This decision at once frustrated and galvanized consumer advocates, who saw an opportunity with the CFPB’s formation in 2011. The Bureau adopted the theory of disparate impact from its forebears, and immediately set about using it in disputes with financial institutions. Although legislators insulated the automotive industry from CFPB jurisdiction during Congressional debates over Dodd-Frank Wall Street Reform and Consumer Protection Act, the Bureau nonetheless targeted dealerships.
Why the CFPB Floundered in Changing Dealership Lending Practices
In 2013, the CFPB issued guidance that recommended indirect auto lenders take steps to ensure that they’re operating in compliance with fair lending laws as applied to dealer markup and compensation policies. In essence, the Bureau wanted finance companies to impose controls on dealer markups or revise the policy, and to monitor or address the effects of these policies in their fair lending compliance programs.
Another option, per the CFPB’s recommendation, was to eliminate dealers’ ability to set rates at their own discretion. Instead, dealers should adhere to a mechanism, such as flat fees for transaction, that does not result in discrimination.
As the CFPB began examining institutions for disparate impact, it reached settlements in several private, confidential cases, as well as a few public disputes. The agency’s rationale throughout the proceedings was that dealers’ discretion to set retail rates disparately impacts racial minorities, which they CFPB chose to show by using statistics.
In the first public case, Ally Bank settled with the CFPB for $98 million, $80 million of which paid for restitution, with the rest going to penalties. Ally also agreed to conduct dealer monitoring and pay ongoing restitution as it discovered disparities going forward during the term of the settlement. Then came Fifth Third Bank, which agreed to pay $18 million in restitution but notably no civil penalty. Next came Honda and Toyota, each of which paid over $20 million in restitution—but, again, with no civil money penalty. Fifth Third, Honda, and Toyota each additionally agreed to cap dealer participation at 100 or 125 basis points—a rate of 1 or 1.25%.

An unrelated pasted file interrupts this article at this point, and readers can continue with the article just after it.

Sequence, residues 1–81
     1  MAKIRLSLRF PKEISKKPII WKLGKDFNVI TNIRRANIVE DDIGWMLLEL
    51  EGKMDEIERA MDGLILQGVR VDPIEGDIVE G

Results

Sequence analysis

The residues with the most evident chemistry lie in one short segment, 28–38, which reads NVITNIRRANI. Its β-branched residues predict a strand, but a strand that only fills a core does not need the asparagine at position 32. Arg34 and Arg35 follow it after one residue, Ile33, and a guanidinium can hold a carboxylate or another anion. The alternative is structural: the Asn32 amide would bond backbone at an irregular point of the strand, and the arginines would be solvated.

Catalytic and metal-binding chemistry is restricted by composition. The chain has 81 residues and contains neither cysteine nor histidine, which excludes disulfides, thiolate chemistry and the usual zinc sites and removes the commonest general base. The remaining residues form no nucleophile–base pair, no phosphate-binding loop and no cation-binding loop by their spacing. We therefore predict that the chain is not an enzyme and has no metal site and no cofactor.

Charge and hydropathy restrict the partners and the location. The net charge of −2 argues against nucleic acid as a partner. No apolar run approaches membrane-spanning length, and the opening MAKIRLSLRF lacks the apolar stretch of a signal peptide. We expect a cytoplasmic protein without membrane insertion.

In all these settlements, the CFPB never achieved the remedy it wanted: lenders still hadn’t moved to a flat fee dealer compensation structure. According to Michael, the Bureau miscalculated the environment of the auto finance industry, which is characterized by intricate relationships between relatively small players. Second, the CFPB’s recommendation inadvertently suppressed competition: the few companies that voluntarily switched to flat fees lost market share and, in some cases, exited the business.
And this is all before the Supreme Court weighed in. For the full history of disparate impact in auto lending, watch the archived version of Fair Lending in the Trump Era on demand.